Laura Rozen
September 27, 2010 - 12:00am

Despite intense American negotiations going on into the night, a partial Israeli West Bank settlement freeze expired Sunday with no apparent deal reached. Yet there were signs Monday that the U.S.-sponsored Israeli-Palestinian peace talks might continue in spite of the current settlements impasse.

U.S. officials were tight-lipped as intense negotiations continued Sunday, saying only that Secretary of State Hillary Clinton had spoken with Israeli Prime Minister Benjamin Netanyahu and Quartet Envoy Tony Blair Sunday. Meantime, Palestinian negotiators led by Saab Erekat met with Middle East peace envoy George Mitchell and Assistant Secretary of State Jeff Feltman in New York Sunday.

Amid the current impasse, American officials were urging that talks should continue.

“Our policy on settlement construction has not changed,” State Department spokesman P.J. Crowley said in a statement Sunday. “We remain in close touch with both parties and will be meeting with them again in the coming days. We remain focused on the goal of advancing negotiations toward a two-state solution and encourage the parties to take constructive actions toward that goal.”

"Israel is ready to pursue continuous contacts in the coming days to find a way to continue peace talks between Israel and the Palestinian Authority," Netanyahu said in a statement Sunday.

Netanyahu’s call for restraint as the freeze expired was met with settler celebrations and the rumbling of tractors and bull-dozers, pictures beamed round the world.

Meantime, Palestinian President Mahmoud Abbas appeared to offer a possible formula under which he could stay in the talks. Abbas, speaking in Paris Sunday, said he would go to the Palestinian Liberation Organization and to the Arab League next week to get their take on whether he should continue direct talks.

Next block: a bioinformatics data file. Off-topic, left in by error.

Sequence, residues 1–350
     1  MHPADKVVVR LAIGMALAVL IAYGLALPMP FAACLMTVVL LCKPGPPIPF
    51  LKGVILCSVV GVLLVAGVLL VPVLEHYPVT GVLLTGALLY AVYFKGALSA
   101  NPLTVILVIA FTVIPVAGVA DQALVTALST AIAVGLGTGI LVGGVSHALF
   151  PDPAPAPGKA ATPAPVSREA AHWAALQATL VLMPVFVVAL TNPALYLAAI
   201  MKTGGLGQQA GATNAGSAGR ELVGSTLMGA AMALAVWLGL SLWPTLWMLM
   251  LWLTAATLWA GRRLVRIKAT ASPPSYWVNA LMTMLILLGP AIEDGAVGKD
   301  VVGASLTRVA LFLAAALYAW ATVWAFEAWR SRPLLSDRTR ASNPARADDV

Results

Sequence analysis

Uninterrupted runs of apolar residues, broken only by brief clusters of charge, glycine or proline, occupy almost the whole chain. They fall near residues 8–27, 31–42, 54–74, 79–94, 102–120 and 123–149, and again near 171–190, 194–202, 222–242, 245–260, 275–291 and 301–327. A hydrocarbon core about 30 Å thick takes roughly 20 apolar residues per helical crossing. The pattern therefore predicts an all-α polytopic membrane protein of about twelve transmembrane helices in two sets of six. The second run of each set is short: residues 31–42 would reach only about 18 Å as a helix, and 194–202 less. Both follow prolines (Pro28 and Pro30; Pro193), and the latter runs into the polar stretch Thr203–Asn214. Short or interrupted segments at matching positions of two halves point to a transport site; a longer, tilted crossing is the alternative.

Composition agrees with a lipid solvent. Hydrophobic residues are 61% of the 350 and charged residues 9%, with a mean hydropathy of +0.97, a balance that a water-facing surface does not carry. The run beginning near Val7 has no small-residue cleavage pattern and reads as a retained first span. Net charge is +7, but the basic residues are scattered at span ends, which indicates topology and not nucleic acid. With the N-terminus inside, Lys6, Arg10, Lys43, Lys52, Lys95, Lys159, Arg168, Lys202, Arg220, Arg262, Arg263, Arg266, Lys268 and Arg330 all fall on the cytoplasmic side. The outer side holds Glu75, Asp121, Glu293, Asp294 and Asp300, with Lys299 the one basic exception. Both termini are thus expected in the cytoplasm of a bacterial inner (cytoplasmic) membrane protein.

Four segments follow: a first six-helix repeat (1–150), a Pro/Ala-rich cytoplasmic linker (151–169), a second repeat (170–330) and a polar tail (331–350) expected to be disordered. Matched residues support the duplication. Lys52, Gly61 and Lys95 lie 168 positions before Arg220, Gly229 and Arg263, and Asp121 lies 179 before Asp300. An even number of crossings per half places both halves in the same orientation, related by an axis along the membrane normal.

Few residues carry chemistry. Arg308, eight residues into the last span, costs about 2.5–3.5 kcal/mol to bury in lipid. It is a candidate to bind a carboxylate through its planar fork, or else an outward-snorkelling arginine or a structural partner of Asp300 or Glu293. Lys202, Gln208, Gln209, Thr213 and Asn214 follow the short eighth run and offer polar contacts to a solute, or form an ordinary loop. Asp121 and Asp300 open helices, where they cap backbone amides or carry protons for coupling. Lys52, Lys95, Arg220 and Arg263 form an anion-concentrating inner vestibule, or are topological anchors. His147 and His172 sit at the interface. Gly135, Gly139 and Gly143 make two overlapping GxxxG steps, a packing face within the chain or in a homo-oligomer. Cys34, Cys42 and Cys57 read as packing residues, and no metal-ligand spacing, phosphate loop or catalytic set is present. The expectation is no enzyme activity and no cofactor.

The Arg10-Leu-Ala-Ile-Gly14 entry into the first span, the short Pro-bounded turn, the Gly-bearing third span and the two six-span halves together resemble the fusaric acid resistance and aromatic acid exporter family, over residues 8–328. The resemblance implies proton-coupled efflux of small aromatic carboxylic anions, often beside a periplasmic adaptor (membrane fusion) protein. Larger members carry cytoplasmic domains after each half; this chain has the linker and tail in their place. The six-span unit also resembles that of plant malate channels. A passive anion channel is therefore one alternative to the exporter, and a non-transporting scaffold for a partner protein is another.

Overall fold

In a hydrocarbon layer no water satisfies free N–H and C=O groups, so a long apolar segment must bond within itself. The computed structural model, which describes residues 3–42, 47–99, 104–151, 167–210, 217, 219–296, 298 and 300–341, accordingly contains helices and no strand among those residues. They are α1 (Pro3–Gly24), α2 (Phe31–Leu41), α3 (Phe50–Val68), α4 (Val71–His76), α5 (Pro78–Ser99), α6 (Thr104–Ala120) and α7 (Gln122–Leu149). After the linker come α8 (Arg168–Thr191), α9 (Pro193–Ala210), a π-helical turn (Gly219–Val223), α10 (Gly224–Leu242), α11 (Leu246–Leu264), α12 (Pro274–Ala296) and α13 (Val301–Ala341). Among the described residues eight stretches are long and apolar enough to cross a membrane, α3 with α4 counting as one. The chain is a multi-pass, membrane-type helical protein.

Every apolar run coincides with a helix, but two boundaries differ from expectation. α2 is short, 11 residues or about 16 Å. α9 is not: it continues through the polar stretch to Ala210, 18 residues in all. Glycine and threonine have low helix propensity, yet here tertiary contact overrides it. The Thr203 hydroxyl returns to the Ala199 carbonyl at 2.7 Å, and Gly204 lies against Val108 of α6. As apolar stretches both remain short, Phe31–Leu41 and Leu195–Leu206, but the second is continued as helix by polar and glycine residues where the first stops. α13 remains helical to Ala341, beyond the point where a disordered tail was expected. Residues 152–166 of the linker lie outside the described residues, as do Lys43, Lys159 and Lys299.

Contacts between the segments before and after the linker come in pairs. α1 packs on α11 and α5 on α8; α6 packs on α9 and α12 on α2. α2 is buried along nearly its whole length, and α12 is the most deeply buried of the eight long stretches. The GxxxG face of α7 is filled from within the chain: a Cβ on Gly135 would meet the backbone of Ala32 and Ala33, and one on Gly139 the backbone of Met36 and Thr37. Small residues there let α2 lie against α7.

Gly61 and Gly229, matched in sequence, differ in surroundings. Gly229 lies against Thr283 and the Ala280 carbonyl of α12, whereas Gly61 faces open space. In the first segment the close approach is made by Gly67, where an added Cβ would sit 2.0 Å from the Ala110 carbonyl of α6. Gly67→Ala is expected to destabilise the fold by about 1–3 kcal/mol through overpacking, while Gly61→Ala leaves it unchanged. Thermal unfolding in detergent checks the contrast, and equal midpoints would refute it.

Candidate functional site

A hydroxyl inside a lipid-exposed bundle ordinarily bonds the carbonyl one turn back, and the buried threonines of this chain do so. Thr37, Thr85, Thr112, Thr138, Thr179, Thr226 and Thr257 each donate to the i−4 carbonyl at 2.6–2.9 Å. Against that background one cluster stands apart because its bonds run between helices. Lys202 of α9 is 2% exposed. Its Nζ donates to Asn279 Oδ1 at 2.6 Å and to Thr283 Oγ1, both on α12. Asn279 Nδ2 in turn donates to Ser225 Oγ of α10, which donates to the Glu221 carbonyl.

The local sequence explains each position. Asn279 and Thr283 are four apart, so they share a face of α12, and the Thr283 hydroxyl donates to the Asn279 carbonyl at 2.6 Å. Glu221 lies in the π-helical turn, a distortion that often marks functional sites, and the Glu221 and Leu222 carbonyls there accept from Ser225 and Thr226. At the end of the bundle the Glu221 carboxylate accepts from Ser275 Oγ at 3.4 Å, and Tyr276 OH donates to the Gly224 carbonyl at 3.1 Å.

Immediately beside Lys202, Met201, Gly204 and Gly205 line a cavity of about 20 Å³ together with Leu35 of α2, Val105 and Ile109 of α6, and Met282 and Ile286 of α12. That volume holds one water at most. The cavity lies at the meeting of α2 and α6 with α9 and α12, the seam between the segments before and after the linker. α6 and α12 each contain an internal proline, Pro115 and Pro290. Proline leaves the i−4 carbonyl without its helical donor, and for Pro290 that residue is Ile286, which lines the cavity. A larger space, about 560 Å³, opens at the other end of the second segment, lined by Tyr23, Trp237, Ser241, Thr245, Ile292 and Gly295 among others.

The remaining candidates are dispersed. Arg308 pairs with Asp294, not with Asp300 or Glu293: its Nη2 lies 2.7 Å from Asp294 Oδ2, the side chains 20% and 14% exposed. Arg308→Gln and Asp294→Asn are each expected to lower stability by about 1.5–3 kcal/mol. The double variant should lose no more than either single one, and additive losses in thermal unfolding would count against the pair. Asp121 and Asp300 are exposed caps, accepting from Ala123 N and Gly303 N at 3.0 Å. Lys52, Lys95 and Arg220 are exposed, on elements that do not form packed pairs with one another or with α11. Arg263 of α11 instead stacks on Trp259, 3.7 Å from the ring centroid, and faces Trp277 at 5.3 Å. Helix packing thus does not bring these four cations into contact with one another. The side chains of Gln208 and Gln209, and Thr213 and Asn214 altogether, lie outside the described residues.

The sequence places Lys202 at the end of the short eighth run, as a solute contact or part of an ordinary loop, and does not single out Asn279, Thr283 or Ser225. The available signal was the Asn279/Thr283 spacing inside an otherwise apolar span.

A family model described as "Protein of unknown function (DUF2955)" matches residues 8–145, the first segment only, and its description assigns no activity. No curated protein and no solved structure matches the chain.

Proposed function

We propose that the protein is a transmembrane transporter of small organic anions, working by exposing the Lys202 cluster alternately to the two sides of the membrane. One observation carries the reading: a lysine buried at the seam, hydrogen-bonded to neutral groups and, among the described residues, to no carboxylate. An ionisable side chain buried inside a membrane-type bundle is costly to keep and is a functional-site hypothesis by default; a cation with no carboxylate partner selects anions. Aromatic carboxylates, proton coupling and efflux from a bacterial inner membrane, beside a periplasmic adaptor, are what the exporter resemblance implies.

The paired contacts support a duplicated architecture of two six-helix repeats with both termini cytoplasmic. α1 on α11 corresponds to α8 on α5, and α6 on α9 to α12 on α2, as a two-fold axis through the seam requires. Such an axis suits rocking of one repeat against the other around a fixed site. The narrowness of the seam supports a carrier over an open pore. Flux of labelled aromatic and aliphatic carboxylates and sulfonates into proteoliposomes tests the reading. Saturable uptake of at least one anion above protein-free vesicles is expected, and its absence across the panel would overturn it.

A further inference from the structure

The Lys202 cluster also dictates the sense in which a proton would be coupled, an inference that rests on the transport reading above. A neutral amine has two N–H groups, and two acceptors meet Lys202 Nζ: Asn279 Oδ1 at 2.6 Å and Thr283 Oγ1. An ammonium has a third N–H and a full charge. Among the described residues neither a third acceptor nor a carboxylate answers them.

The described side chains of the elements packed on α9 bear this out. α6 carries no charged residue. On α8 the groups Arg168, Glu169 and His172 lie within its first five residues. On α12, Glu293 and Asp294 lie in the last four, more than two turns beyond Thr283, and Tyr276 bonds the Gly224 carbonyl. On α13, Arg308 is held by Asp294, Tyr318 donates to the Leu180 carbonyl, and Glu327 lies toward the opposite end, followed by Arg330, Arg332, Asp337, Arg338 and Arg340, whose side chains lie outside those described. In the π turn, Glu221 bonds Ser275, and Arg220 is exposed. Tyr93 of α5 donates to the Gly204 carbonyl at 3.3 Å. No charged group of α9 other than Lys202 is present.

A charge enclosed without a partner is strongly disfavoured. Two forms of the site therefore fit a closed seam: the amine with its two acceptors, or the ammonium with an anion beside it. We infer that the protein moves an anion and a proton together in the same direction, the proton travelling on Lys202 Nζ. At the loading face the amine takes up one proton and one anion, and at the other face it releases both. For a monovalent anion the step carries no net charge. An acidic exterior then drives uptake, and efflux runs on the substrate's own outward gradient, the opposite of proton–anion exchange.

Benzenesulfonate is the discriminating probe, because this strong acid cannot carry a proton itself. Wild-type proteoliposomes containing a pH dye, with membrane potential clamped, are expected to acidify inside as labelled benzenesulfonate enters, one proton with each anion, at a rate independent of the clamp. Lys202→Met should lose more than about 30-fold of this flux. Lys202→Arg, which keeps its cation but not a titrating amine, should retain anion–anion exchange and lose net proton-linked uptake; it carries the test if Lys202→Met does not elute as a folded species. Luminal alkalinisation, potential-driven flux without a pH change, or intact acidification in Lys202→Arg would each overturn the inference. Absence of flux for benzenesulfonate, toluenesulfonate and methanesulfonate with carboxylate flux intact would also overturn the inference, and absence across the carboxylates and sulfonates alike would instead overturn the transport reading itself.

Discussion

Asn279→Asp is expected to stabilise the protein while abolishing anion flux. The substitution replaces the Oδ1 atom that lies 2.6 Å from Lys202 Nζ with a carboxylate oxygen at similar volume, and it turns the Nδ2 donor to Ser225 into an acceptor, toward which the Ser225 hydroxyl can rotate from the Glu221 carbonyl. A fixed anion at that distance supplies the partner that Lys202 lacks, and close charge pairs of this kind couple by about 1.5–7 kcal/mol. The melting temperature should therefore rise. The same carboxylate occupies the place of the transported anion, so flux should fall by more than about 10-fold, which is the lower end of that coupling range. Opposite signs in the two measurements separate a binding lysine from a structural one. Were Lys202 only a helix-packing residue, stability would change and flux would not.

Negotiations towards a compromise appear to be continuing in the days leading up to the Arab League meeting scheduled for October 4th.

A senior Palestinian official said Monday that under a possible compromise deal still being discussed, resumed West Bank settlement construction would be limited to large settlement blocs that Israel expects would be absorbed after the creation of a Palestinian state, in exchange for other land going to the Palestinians.

"The point of departure is that only the large blocs will remain under Israeli sovereignty, with negotiations conducted on the scope of alternate areas to be given to us in exchange for handing over the blocs to Israel," a senior Palestinian official told Israeli newspaper

One former U.S. Middle East official said that Netanyahu decided last week that he had to let the freeze expire the 26th for his own domestic political reasons, but would be open to a compromise after that. The fact that Abbas has indicated he is giving until the Arab League meeting on Oct. 4th before he announces whether he'll stay or leave the talks suggests he expects a deal might come after the freeze expiration this weekend, the former official suggested.

"Obama has told Abbas, 'If you walk away, I can't help you,'" a Washington Jewish community representative said Monday.

Now begins "the game of brinksmanship between Netanyahu and the Palestinians over who can assert their will without breaking talks," the American Task Force for Palestine's Hussein Ibish told POLITICO Sunday. "Neither wants to be blamed" for the talks collapsing, he added, suggesting this would make Abbas inclined to stick with the talks for now -- "unless the Israelis do something outrageous."

Former U.S. peace negotiator Aaron Miller agreed that negotiators may be able to find a "soft landing."

There appears to be no freeze "extension, but what I call a soft landing which over the next several weeks will allow the talks to continue," Miller said.


American Task Force on Palestine - 1634 Eye St. NW, Suite 725, Washington DC 20006 - Telephone: 202-262-0017